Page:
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It’s amazing how many people have very little understanding about the US federal Occupational Safety & Health Administration, OSHA, especially since it has been in existence for almost a half century.  I suspect there are people who still think it’s a town in Wisconsin!  Well, here are some questions, with answers, that might expand, or at least confirm, what you know about OSHA.

When did OSHA become an agency of the US federal government?

A long time ago — 41 years ago.  The Occupational Safety & Health Act was signed into law by President Richard Nixon on December 29, 1970.  This initiated the process that would establish what we know today as the Occupational Safety & Health Administration.

OSHA is part of which governmental department?

OSHA is part of the Department of Labor.

What is OSHA supposed to be doing?

The US Congress determined that too many employees were getting seriously injured and killed while on the job.  So Congress did what they are good at: they passed an act that said employers shouldn’t be killing and maiming employees.  The act became a law when President Nixon signed it.  It’s OSHA’s job to enforce the standards under the assumption that compliance with the standards will result in a safe workplace.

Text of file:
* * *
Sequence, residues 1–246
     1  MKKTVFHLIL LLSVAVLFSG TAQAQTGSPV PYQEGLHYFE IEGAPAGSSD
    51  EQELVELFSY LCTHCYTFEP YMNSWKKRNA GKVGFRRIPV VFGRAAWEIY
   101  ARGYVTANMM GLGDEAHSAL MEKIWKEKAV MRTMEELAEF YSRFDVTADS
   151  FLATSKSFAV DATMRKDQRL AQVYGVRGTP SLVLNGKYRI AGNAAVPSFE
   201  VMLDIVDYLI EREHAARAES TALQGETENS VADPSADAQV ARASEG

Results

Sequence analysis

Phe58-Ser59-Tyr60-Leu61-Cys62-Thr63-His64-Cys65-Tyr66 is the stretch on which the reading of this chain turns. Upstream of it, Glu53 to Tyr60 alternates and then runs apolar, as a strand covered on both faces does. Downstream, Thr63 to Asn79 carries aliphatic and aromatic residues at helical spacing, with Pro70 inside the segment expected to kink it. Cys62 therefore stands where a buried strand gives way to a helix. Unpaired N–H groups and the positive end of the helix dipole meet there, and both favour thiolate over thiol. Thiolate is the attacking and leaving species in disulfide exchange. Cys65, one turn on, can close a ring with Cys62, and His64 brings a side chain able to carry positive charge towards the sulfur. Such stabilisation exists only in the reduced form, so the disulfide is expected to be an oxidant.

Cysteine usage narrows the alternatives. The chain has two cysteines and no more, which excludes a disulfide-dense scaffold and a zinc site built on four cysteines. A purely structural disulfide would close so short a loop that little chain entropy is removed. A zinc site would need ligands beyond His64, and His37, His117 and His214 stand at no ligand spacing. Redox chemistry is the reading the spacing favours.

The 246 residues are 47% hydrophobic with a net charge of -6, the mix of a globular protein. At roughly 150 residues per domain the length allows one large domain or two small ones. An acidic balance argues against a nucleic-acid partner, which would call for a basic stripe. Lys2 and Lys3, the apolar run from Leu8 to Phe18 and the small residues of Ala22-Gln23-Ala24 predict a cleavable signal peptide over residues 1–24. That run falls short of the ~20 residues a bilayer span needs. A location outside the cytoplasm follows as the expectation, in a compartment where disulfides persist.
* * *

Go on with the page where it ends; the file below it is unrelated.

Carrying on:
What’s in the Occupational Safety and Health Act?

All sorts of stuff.  The main items can be found in Section 5, parts (a) and (b).  Section 5(a)(1) requires that employers shall provide employees employment and a place of employment which are free from recognized hazards that are causing or are likely to cause death or serious physical harm to his/her employees.  Section 5(a)(2) requires that employers shall comply with occupational safety and health standards promulgated under the Act.  Section 5(b) specifies that each employee shall comply with occupational safety and health standards and all rules, regulations, and orders issued pursuant to the Act which are applicable to his/her own actions and conduct.  That means as employees, we have to comply with the standards whether we like it or not!